Table 1 Countries year of survey and sample size

Study variables

Outcome variable

The 2016 EDHS asked women to report any pregnancy loss that occurred in the last five years preceding the survey. The duration of pregnancy was reported for every pregnancy separately which did not result in a live birth. Pregnancy losses occurring after seven completed months of gestation were considered as stillbirth (28). The response variable for this study was the occurrence of stillbirth among mothers of childbearing age (15–49 years). The response variable for the ith mother was represented by a random variable Yi with two possible values coded as 1 and 0. So, the response variable of the ith mother Yi was measured as a dichotomous variable with possible values Yi = 1, if ith mother had experienced stillbirth and Yi = 0 if the mother had a live birth.

Independent variables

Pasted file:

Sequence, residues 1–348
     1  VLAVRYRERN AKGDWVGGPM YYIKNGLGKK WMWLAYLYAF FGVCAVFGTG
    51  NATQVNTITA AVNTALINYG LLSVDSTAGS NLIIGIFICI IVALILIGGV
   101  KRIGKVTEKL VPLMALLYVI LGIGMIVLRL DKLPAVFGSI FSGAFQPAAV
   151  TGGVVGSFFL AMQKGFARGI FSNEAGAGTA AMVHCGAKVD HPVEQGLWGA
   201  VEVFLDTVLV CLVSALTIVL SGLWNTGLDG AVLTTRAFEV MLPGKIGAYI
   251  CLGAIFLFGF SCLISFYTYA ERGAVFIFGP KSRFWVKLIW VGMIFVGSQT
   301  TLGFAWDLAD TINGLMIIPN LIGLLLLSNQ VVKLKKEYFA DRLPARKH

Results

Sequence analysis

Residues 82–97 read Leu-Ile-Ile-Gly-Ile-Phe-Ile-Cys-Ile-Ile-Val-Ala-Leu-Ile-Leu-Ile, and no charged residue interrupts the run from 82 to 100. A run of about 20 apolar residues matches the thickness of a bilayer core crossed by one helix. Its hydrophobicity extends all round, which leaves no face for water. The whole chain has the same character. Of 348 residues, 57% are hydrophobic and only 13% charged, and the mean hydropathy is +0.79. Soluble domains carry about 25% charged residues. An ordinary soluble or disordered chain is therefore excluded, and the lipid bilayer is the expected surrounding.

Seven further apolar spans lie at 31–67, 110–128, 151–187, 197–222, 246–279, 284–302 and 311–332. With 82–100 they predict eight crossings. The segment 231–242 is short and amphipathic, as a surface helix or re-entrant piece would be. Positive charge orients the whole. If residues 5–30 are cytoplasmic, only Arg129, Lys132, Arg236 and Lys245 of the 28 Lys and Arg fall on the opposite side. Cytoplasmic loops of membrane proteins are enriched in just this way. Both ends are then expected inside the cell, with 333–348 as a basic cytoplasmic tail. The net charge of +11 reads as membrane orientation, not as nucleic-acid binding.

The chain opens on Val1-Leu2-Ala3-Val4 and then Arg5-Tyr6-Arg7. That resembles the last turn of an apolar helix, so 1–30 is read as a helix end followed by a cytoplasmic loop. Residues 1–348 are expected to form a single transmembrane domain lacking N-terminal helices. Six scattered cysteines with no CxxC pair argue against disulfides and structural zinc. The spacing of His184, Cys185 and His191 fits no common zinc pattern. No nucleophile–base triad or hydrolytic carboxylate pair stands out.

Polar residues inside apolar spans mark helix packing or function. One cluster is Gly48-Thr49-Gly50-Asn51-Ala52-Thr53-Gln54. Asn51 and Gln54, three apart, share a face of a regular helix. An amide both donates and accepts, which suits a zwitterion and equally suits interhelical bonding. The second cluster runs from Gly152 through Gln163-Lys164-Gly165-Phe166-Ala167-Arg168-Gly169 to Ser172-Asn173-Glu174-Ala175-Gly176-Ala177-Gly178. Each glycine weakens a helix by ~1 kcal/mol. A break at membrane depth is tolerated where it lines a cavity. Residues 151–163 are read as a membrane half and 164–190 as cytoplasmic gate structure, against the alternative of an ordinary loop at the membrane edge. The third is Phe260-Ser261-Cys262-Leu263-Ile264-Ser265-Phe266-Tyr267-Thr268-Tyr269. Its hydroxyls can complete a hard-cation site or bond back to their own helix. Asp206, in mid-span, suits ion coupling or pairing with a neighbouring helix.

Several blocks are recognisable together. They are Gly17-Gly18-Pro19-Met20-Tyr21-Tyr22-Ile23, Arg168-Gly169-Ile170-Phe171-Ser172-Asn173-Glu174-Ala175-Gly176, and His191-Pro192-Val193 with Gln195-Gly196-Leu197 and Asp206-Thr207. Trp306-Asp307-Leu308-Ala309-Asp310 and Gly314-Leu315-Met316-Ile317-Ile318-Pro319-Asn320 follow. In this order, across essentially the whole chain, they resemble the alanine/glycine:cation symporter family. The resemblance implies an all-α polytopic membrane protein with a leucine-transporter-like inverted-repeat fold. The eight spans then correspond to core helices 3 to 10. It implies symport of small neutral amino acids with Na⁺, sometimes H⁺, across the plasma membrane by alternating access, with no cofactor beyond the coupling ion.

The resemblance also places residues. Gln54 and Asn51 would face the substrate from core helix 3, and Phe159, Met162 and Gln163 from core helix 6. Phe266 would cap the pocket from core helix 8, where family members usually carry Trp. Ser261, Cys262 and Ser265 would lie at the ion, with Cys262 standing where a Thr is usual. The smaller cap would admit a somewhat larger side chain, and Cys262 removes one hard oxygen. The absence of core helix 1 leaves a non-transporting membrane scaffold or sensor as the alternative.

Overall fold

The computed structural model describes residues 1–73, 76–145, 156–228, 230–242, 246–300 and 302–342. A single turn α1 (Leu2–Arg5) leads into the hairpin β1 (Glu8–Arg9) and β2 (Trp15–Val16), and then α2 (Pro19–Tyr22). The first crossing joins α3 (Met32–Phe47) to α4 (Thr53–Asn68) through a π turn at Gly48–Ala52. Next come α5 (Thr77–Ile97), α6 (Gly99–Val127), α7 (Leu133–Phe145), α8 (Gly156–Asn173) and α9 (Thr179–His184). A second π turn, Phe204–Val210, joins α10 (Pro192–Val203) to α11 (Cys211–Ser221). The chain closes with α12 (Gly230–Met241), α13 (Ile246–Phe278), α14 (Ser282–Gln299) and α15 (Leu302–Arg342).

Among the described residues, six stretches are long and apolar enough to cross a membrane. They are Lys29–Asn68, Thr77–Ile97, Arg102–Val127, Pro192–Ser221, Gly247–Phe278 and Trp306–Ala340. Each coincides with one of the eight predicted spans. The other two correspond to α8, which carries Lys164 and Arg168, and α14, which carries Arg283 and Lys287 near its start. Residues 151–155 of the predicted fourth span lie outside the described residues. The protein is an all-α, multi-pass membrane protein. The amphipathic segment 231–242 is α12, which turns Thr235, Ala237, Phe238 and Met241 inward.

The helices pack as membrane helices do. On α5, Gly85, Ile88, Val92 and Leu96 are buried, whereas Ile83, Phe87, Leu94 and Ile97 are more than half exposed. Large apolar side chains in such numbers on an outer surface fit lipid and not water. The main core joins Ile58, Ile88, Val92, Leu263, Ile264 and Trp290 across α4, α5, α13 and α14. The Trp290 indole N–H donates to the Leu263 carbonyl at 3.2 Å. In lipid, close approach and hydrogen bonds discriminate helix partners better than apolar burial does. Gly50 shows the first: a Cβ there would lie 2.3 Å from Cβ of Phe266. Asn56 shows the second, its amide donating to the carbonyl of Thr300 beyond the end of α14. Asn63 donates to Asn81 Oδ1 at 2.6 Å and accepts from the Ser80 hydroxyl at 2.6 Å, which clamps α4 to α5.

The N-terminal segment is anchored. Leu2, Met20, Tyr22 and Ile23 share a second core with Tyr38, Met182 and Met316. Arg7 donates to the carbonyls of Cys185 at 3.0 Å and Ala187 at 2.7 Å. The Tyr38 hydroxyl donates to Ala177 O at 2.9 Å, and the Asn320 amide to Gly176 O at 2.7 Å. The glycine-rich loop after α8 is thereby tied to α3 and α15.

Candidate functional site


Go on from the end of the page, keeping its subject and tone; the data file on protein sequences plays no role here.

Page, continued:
Socio-demographic and economic variables, maternal obstetric, and health service-related variables were included as independent variables. Socio-demographic and economic variables considered were residence (recoded as rural and urban), country, maternal education status (recoded as no education, primary education, and secondary education and above), husband education status (recoded as no education, primary education, secondary education and above), maternal age (recoded as 15–24 years, 25–34 years and 35–49 years), maternal occupation (recoded as no and yes), household wealth status (recoded as poor, middle and rich), marital status (recoded as single, married, and divorced/widowed/separated), and media exposure (recoded as no and yes). The maternal obstetric and health service-related variables included were parity (recoded as one, two to four, and five and above), place of delivery (home and health facility), mode of delivery (recorded as vaginal, and caesarean delivery), covered by health insurance (recoded as no and yes), number of ANC visit (recoded as no ANC visit, 1–3 ANC visit and ≥ 4 ANC visit) and preceding birth interval (recoded as less than 24 months, 25–48 months and ≥ 49 months).